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Spin_Drift
06-20-2008, 05:21 PM
The saga began Nov. 21 when a rancher in Reese River Valley spotted the two elk. By the following day, the animals were gone and the rancher assumed they had separated.

A week later, according to Nevada Division of Wildlife biologist Tom Donham, the rancher was out looking for some of his cows and saw the elk again. This time, he called the wildlife department and Donham, game warden Brian Eller and Bureau of Land Management wildlife biologist Bryson Code headed out to see what they could do. When they reached Indian Valley, south of Austin, it was Nov. 29, one week after the elk were first seen

'When we arrived where the rancher had last seen them, we found them pretty quickly. They were both lying on the ground and one of them was in a very uncomfortable-looking position with his head directly above the others head and his nose pointing straight up to the sky,' Donham said. Eller said he wondered if they had survived their ordeal.

'Once we found out they were alive, I was hoping they couldn't move and would stay where they were. That didn't happen. When they ran off, I was hoping they could not go very far. That didn't happen either,' he said.

The elk may have been sparring at the outset, but Donham and Eller say they used teamwork to run for nearly a mile to evade the newcomers. 'It looked like they had been doing it all their lives; serious cooperation if I've ever seen it,' Donham said.

After two unsuccessful attempts, Donham was able to get a tranquilizer dart into one of the elk. With one down, the other could not run, but was also partially tranquilized in order toseparate the two.

Eller and Code helped hold the elk down while Donham used a hand saw to remove part of an antler from one of them.

'As soon as they were apart, the bull that hadn't gotten a full dose jumped to his feet and Bryson, Brian and I quickly gave him all the room he wanted. He went off about 30 yards and lay down for about 10 minutes before finally walking up the hill and over the ridge, none the worse for wear,' Donham said. The other elk was treated with antibiotics and eventually walked off as well, after the tranquilizer had worn off.

If these two bulls had not been discovered, and we had never gotten the call, they more than likely would have both died. Watching the bulls walk away, and knowing that we likely saved them from a slow death was definitely one of those moments that makes this job rewarding.'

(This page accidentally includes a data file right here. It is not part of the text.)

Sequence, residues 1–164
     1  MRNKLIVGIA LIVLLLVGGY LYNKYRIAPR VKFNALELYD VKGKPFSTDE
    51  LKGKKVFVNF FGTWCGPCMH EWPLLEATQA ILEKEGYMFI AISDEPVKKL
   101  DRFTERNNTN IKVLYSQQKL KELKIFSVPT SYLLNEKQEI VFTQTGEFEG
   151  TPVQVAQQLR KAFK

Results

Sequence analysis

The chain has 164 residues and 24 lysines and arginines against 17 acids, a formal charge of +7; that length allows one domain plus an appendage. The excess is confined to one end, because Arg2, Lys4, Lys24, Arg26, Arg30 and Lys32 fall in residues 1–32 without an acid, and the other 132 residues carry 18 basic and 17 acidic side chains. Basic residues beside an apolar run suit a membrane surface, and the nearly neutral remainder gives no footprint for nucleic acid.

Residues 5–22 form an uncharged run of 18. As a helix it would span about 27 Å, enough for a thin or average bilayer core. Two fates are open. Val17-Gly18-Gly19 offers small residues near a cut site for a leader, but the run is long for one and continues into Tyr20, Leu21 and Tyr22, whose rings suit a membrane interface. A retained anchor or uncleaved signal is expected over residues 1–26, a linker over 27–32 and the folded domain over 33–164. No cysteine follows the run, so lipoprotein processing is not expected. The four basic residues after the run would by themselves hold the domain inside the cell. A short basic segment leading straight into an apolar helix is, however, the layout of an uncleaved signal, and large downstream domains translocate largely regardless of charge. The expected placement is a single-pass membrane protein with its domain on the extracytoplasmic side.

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J P
06-20-2008, 05:31 PM
Antlers.

paladin
06-20-2008, 08:06 PM
Gawd! Freezer stuffer.....

bamamick
06-20-2008, 09:34 PM
Magnificent animals. I have seen some pretty big elk, but the largest I ever saw was walking down the middle of a street in Estes Park, Colorado. My dad and I went out to Jackson Hole once and went to the National Elk Preserve, but it was summer and they were all up high. I have seen a lot of elk in Colorado over the years. Beautiful.

Mickey Lake

boylesboats
06-21-2008, 12:40 AM
I seen stuff happen like that here in Missouri with white-tailed deer..
Game Wardens would come out and sedate these animals just enough to relax them, then hacked off their antlers.. They shed antlers every year anyway, they'll grow back..

Talking about some ticked off hunters and bucks...:D

Spin_Drift
06-21-2008, 01:50 AM
Though we like meat in the freezer, I'd free these ones if possible.

I'd prefer to hunt a fair game rather than use their unfortunate situation to fill the freezer... They must also have a high level of adrenalin in their system after this incident... Better meat if they don't know what hit them...

Any way these two are magnificent animals and I'm glad the men got them free. The men must have felt elated to see them go their way... I bet helping these animals brought them good memories that last a life time...

Yeadon
06-21-2008, 02:46 AM
Siamese elk.

Bet they'll marry sisters.

Spin_Drift
06-21-2008, 02:50 AM
Siamese elk.

Bet they'll marry sisters.

LOL...That's funny...:D

Captain Blight
06-21-2008, 03:07 AM
I don't really think of Nevada as being elk country but I also forget they were originally critters of the forest and plains.

Sisters.... Short walk down to Reno for the quicky divorce....

The Bigfella
06-21-2008, 03:21 AM
Darwin would be upset. That pair were meant to die.

Ian Marchuk
06-21-2008, 09:15 AM
That's what happens when you spend too much time in the Bilge.